Telemedicine Doesn’t Pay (yet)

By jasonP

Telemedicine technology not only brings efficiencies and cost savings to existing medical services, but also expands the reach of medical services into areas where there were none. Examples include off-shore oil rigs, and prisons; limited-access locales, which make medical care difficult and expensive.

As reported in the New York Times, a company called NuPhysica is offering telemedicine services to off-shore oil-rig workers.

With video conferencing and remote monitoring devices, a doctor onshore can assess a patient and recommend a care-plan to an on-site paramedic, or decide that the patient should be transported to an onshore facility.

California is spearheading a new plan to utilize telemedicine in its prisons, where a doctor can see inmates face-to-face via video conferencing. The savings in inmate-transport and security details could be $1.2 billion per year.

The barrier to these services reaching the mass-market, general public is insurance reimbursement. Most insurance companies are not yet structured to compensate care-providers for practicing telemedicine. A family doctor could potentially help more patients in a day with telemedicine, saving patients time and money, but he may not get paid for any of it.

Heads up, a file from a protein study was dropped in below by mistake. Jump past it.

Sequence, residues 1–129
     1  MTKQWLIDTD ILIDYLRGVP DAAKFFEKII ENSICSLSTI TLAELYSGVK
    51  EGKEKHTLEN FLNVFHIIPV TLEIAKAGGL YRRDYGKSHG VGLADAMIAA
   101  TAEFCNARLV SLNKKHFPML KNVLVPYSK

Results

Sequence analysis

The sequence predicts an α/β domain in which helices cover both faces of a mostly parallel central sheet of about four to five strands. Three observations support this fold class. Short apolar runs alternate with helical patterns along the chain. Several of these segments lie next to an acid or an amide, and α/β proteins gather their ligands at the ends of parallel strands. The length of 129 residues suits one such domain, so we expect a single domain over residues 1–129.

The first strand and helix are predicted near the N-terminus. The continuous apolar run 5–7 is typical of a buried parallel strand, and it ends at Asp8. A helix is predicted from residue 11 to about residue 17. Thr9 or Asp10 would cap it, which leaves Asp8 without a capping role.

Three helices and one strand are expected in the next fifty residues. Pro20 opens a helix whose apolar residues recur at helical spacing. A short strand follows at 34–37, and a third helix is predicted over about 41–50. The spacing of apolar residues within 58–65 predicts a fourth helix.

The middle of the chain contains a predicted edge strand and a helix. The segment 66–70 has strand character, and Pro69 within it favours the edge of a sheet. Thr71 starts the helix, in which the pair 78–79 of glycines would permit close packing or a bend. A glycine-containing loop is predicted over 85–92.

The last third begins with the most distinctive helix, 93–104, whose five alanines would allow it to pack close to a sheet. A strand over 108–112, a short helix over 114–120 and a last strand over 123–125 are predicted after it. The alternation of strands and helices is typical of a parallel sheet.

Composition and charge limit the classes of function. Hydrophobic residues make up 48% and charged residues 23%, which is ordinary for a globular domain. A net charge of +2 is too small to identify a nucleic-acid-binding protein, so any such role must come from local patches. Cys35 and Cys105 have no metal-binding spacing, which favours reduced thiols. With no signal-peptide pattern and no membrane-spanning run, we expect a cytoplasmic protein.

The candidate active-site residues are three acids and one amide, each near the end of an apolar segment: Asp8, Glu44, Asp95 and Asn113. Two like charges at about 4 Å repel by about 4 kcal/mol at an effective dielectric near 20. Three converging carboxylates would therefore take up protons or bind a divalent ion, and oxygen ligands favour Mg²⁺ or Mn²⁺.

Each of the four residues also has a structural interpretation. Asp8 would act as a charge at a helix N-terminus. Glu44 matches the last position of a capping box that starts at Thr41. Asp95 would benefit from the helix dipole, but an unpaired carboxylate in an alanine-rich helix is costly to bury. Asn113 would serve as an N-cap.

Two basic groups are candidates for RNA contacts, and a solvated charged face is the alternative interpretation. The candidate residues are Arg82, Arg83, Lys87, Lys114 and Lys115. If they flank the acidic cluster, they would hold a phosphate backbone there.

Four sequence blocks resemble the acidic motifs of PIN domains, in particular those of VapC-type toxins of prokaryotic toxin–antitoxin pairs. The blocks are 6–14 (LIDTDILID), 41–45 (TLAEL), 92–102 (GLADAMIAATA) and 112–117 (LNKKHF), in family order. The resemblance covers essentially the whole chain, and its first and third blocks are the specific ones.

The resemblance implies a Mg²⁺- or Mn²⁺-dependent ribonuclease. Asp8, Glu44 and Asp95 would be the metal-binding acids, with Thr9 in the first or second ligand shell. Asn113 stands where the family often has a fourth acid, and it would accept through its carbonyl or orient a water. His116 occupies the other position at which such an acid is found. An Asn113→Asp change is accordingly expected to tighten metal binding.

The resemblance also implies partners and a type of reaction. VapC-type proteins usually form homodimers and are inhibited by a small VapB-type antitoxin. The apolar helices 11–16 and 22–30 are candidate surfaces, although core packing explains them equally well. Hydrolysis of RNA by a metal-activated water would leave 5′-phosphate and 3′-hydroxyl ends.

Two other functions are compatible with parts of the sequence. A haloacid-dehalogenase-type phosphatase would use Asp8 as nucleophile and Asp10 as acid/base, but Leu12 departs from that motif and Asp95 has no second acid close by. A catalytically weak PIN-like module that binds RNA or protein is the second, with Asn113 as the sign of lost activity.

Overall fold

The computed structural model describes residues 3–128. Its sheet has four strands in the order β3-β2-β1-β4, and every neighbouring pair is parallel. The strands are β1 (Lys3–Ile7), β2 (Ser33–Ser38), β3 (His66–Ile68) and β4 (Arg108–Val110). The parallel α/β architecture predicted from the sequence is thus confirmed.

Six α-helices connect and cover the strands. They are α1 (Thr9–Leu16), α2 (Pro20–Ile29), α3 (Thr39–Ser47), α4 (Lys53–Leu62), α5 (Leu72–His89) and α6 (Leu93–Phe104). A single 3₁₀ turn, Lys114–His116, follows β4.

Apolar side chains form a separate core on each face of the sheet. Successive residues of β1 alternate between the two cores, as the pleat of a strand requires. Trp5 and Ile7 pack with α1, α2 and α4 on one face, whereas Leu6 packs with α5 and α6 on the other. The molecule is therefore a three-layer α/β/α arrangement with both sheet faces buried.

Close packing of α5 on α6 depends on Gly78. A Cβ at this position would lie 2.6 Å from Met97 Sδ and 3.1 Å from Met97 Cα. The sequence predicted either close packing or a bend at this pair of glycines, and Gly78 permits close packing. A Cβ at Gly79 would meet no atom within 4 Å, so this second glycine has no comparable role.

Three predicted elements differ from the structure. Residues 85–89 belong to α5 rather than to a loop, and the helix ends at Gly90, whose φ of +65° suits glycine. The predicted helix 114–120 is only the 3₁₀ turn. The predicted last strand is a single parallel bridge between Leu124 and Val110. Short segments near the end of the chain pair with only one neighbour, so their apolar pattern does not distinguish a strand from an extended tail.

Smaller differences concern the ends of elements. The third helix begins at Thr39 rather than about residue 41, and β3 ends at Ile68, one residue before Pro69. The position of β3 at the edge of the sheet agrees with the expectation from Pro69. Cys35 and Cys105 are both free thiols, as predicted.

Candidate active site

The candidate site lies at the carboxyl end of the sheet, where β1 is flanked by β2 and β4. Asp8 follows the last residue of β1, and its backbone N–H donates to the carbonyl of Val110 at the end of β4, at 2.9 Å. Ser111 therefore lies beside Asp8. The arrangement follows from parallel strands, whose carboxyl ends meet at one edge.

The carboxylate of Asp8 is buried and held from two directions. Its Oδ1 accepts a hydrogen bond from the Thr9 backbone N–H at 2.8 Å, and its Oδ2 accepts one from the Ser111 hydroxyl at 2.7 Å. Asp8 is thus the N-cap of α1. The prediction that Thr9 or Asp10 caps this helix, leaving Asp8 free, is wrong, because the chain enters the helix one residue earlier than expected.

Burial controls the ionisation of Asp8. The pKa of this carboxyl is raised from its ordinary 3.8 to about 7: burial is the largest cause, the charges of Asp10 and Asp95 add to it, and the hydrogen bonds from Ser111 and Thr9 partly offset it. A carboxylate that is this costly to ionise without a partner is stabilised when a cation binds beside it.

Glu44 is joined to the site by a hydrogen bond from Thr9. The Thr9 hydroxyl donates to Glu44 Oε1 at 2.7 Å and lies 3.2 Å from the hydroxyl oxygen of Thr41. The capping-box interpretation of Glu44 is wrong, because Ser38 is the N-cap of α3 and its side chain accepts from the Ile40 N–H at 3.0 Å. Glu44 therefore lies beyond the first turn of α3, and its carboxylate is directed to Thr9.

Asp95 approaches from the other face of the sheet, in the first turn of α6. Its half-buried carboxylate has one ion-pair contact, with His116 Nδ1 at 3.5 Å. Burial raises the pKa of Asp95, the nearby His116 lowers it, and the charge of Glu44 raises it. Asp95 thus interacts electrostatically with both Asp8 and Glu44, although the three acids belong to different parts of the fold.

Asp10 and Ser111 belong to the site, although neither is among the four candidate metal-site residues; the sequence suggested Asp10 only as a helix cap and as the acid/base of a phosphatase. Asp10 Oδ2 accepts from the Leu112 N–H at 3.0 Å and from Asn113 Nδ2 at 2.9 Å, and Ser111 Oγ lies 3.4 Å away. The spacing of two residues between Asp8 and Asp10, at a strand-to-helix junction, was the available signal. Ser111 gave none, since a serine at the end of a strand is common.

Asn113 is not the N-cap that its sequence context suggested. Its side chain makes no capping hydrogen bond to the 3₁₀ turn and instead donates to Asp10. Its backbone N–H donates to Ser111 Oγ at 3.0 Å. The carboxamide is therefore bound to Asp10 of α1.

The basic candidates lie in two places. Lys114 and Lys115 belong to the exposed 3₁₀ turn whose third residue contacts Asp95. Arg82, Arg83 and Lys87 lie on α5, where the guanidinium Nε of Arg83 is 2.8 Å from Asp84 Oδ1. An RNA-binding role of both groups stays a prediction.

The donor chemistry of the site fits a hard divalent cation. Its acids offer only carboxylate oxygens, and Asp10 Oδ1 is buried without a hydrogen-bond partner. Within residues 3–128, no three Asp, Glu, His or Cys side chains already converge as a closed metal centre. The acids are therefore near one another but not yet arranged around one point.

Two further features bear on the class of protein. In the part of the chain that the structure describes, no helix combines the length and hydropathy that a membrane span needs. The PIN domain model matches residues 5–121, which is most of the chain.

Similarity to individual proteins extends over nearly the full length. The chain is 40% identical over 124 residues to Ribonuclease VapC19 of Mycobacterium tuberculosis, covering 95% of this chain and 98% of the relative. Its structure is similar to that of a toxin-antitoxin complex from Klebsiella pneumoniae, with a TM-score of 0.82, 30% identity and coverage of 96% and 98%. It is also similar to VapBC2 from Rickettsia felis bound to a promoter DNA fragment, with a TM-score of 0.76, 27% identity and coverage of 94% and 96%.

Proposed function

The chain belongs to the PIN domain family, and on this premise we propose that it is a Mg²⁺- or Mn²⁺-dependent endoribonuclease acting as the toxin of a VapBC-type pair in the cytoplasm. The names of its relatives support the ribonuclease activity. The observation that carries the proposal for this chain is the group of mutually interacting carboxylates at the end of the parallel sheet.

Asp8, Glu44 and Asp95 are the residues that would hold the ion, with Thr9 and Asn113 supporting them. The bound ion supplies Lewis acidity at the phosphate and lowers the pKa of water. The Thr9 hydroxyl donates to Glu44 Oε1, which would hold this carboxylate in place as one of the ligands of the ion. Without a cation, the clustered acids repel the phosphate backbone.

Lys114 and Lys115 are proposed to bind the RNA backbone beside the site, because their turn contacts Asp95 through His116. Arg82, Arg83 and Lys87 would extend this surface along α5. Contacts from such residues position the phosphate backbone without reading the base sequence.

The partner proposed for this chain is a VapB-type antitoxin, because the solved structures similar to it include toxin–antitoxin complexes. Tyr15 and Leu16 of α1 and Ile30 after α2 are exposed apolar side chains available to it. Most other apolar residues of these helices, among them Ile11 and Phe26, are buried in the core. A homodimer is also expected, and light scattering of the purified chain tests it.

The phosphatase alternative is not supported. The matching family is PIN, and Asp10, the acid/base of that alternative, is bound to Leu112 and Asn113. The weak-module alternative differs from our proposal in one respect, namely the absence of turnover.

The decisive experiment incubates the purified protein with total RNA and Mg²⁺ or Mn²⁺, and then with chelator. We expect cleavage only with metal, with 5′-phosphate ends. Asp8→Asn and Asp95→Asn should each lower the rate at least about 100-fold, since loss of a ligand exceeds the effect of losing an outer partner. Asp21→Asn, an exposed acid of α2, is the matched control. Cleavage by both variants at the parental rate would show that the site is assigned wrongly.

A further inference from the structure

Fortunately, things are starting to change.

Information Week reports on a recent study, in which two-thirds of hospital administrators surveyed said that their facilities now use telemedicine, and 87% of them are satisfied with the results. Some insurance companies are now rolling out limited trial-runs of telemedicine systems. It is likely that as these trials are conducted, the benefits to both costs and patient care will be self-evident. Only then will the insurance industry start to embrace telemedicine in the mass-market.